Weird Story

Andrew Tate's Wikipedia Fight Statistics Got Updated To Show He Was Knocked Out By Greta Thunberg

Andrew Tate's Wikipedia page has been edited following his online confrontation with Greta Thunberg.

36-year-old former kickboxer Andrew Tate engaged in a social media argument with 19-year-old Swedish climate activist Greta Thunberg, with negative results.

Tate was decisively defeated by Thunberg, who made reference to the size of his genitals in the course of their disagreement.

The burn inflicted by Thunberg was so significant that someone added a reference to the argument in Tate's fight statistics on Wikipedia.

The Wikipedia edit stated that Thunberg achieved a technical knockout of Tate in 0.01 seconds on the "Twitter streets."

The edit was subsequently removed, but not before numerous social media users captured screenshots and joined in mocking Tate.

One user said: "Nah stop it, someone edited Andrew Tate's wiki page to say he lost to Greta. [This is] possibly my favourite Wiki edit to date."

Another added: "It got deleted but someone went and updated Andrew Tate's Wiki page."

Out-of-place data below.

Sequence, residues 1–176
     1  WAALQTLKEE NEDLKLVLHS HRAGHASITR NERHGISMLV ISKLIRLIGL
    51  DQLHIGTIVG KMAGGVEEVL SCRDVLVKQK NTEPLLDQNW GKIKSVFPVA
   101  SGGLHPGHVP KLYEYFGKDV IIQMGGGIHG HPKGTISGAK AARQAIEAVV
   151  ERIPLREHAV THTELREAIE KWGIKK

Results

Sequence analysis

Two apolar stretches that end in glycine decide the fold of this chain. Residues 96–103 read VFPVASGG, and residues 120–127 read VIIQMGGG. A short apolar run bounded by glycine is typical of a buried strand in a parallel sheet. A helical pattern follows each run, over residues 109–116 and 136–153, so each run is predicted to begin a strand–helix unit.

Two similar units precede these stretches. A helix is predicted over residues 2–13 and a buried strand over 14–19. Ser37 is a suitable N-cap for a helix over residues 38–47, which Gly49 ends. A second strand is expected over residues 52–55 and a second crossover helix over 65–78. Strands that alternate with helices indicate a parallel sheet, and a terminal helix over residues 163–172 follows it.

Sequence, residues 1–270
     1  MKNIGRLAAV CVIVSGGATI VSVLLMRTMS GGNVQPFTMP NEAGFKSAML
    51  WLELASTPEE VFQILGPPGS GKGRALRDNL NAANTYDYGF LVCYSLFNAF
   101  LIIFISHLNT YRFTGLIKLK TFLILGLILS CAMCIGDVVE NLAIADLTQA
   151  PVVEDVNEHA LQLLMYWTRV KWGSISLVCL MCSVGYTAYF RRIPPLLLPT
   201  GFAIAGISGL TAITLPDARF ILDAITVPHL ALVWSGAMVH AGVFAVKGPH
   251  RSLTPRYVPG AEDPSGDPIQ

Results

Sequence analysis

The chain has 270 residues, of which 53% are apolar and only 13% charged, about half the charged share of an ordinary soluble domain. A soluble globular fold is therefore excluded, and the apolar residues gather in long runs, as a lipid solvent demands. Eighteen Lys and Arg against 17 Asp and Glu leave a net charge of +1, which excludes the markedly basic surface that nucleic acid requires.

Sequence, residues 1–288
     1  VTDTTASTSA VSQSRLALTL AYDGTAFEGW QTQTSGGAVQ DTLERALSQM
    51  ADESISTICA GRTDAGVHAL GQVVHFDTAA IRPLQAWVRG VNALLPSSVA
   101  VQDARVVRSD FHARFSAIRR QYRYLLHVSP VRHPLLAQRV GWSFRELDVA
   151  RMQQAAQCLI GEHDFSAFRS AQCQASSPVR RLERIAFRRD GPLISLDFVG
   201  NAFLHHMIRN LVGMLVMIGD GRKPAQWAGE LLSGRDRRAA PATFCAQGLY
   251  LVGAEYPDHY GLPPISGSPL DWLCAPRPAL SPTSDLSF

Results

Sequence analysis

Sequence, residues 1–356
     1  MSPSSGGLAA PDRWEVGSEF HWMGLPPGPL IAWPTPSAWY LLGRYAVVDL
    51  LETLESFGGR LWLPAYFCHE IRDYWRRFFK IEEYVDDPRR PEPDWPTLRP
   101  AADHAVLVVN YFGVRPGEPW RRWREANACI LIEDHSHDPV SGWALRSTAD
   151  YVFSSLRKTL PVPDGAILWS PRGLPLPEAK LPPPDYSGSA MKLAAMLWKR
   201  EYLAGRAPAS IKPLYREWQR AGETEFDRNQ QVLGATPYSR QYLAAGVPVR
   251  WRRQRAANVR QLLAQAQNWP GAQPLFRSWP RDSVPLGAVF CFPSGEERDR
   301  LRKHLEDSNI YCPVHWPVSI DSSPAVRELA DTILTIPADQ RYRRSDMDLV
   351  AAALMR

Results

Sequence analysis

A third added mockingly: "Small d**k energy Andrew Tate has lost Wiki."

Brutal.

The altercation began when Tate provoked Thunberg by mocking her on social media.

In a post boasting about his ownership of 33 cars with "enormous emissions," Tate hoped to elicit a response from Thunberg.

He tweeted: "Hello @GretaThunberg I have 33 cars. My Bugatti has a w16 8.0L quad turbo. My TWO Ferrari 812 competizione have 6.5L v12s."

"This is just the start. Please provide your email address so I can send a complete list of my car collection and their respective enormous emissions."

Although Tate initiated the confrontation, Thunberg delivered a powerful counterpunch.

Thunberg hit back with: "Yes, please do enlighten me. Email me at smalld**kenergy@getalife.com."

Tate subsequently posted a two-minute video rant on Twitter in which he claimed that Thunberg had not affected him emotionally.

However, his agitated defense appeared to be a feeble response similar to those often made by children.

And boy, did social media users point it out.

One user said: "I deploy 'I know you are, but what am I?' on the playground all the time."

Another added: "You are so not mad that you posted and then edited this."